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Our history



Almost all roads lead to Rome. But all, absolutely all the streets of Rome lead to Piazza di Spagna. At the staircase. At the Bernini fountain. Of the two Berninis (father and son). And then from Babingtons. Think about it.

Beniamino Placido



And in Rome two young English ladies of good family came in 1893: they were Isabel Cargill, daughter of Captain Cargill, founder of the city of Dunedin in New Zealand and Anna Maria Babington, descendant of that Antony Babington hanged in 1586 for conspiring against Elizabeth I. The two young women decided to invest their savings (100 pounds) by opening a tearoom and reading room in the capital for the Anglo-Saxon community.

The company at the time involved considerable risks, above all because in Italy it was not common to drink tea, sold at the time only in pharmacies.


The Babingtons tearoom was an immediate success both because Italy was the destination of the Grand Tour for the English and because it was part of a Rome that celebrated the Jubilee and the silver wedding of the royals Umberto and Margherita and into which garments flowed of state and exponents of the aristocracy and the beautiful international world.

Initially Babingtons was opened in Via Due Macelli and a year after its opening it was moved to Piazza di Spagna, in the so-called "English ghetto", inside the prestigious eighteenth century building adjacent to the Spanish Steps and near what is now the Keats and Shelley Memorial House.

Those that were the palace stables, this one too, like the Scalinata by Francesco De Sanctis, were renovated and decorated according to the tastes of the time and soon, as The Roman Herald published, Babingtons Tea Room became the meeting point where "the ladies and gentlemen, tired after the visit or occupied for personal reasons in the city center could, in a welcoming and pleasant environment, refresh themselves with a consoling cup of tea ... "


The outbreak of the First World War in 1914 marked a setback to the success of the tea room which however remained open with great sacrifice of all those who worked there. While Europe was experiencing a moment of great euphoria at the end of the war, Babingtons' decline continued and things got worse with the Wall Street crisis and the death in Switzerland, in 1929, of Anna Maria.

It was also thought to close the tea room, but Isabel's sister, Annie, took the situation in hand and, investing all her capital, decided to make radical changes to the room. Thus the furnishings, curtains and cushions were renewed and, under the guidance of Dorothy, the tea room was filled again.


Despite the anti-English policy of Mussolini, throughout the fascist period and even during the second world war, Babingtons remained always open, with its very clear English sign and the solid bronze characters on a very Roman travertine plaque. Paradoxically, Babingtons happened to meet with hierarchs and politicians in the first room while the third room, around the corner, a few tables away, housed the anti-fascist intelligence agency (which entered and left the kitchen).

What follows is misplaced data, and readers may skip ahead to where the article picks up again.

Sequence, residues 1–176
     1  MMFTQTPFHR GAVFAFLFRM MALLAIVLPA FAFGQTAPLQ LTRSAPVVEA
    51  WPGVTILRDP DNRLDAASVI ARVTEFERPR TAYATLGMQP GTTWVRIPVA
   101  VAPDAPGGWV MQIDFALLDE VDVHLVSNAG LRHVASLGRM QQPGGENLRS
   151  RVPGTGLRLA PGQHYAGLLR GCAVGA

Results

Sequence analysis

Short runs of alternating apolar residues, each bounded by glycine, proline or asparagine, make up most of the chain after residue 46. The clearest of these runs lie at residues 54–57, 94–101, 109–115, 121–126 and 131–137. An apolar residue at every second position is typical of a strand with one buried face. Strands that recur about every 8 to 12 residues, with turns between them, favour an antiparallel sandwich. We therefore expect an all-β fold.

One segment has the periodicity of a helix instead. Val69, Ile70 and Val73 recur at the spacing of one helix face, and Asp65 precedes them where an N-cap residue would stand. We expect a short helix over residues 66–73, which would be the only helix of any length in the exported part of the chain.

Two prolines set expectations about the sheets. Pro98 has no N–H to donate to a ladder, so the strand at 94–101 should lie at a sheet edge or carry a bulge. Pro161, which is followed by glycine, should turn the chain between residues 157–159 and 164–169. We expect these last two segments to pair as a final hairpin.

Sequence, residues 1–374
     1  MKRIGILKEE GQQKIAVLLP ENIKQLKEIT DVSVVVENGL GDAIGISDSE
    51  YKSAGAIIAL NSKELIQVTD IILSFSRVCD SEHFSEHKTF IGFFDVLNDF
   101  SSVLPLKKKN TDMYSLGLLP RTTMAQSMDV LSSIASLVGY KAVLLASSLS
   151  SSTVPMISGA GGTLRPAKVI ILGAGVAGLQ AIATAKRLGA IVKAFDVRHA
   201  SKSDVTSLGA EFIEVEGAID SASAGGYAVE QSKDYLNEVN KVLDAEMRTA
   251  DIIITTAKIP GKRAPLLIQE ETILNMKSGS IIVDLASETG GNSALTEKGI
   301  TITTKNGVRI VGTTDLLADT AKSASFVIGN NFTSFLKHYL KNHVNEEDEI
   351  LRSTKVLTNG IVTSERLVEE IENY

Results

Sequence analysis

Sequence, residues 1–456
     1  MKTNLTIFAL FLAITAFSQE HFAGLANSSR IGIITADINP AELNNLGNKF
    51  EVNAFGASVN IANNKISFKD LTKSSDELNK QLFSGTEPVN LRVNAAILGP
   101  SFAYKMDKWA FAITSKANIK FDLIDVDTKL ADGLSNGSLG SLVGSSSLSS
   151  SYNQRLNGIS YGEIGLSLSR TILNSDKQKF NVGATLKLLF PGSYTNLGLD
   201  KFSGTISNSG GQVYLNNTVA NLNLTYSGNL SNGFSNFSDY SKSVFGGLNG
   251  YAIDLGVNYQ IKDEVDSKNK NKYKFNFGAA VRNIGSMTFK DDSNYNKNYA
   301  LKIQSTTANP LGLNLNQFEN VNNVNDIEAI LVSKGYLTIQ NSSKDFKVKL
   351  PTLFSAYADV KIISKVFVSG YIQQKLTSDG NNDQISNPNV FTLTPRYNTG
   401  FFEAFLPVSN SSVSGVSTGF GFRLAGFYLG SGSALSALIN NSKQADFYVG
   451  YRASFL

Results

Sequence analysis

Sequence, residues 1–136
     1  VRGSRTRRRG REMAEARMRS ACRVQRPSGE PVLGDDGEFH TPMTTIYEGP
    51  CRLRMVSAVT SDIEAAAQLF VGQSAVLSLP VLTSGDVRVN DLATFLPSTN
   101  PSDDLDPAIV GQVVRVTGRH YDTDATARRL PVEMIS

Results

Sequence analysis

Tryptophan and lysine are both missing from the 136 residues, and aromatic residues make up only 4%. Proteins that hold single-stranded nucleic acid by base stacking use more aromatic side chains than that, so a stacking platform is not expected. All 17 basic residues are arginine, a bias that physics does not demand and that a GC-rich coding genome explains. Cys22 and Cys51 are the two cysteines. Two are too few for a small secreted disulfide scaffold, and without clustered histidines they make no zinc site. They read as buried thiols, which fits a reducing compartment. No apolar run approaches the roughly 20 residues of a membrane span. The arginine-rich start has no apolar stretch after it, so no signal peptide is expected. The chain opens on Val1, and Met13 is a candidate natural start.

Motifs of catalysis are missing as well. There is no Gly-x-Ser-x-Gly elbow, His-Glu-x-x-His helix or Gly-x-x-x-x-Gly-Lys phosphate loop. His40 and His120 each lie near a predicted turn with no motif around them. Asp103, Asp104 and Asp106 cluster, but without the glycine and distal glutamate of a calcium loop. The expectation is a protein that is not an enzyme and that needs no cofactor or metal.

Once the war ended and the times changed, the needs of the public also changed. Cakes and pastries were no longer enough and the menu was enriched with new dishes that still today are the curiosity of Babingtons like the Canary and the Poppy Rice. However, tea always remained the most requested beverage and as such had to receive special care. And so, in a huge London warehouse, Dorothy's third son, Valerio, had the Special Blend, the first Babingtons blend, tailor-made for the water of the Barcaccia of Piazza di Spagna, created. And it was always Valerio who, having to think of a logo for the tearoom, designed the famous kitten. For years, in fact, Babingtons' maids had adopted Mascherino, a cat that lived in Piazza di Spagna at night and during the day was dozing on the comfortable cushions in the tea room. And in recent years two other big news, this time under the guidance of Chiara and Rory, respectively children of Valerio and Diana: the opening of the Babingtons Tea Shop before and later the inauguration of the entrance on the Spanish Steps.



Managed today by the fourth generation descending from Isabel, who survived two wars, several economic recessions as well as the arrival of fast food, Babingtons remained "the mundane address for a clientele choice" (Guida Monaci, 1899).

And in this living room in the center of the city, royal families and celebrities from the world of culture and entertainment have gathered together since then, sure to be received with discretion, as if they were at home.

The menu today offers a rich selection of sweet and savory dishes, respecting the English tradition, from the light meal to Victorian tea.


In the Tea Shop inside the room it is possible to buy tea from all over the world and a variety of blends signed Babingtons prepared with carefully selected ingredients from our tea tasters.

The new challenge is to maintain the Victorian and more than one hundred years old culture of the room, combined with the taste of meat and fish dishes, the delicacy of the proposals with eggs and the colors of the pastry shop. From scones loved by Queen Victoria, to today's decorated desserts, to "embroidered" cakes. Keeping the teapot on the table, with curry rice, club sandwiches, salads or a slice of chocolate cake.

Because tea harmoniously enhances the taste of each proposal, both savory and sweet, complements the mood, accompanies a conversation and strengthens friendships. Beyond every culture, every time and every age.

Who knows what Isabel and Anna Maria would think of it ...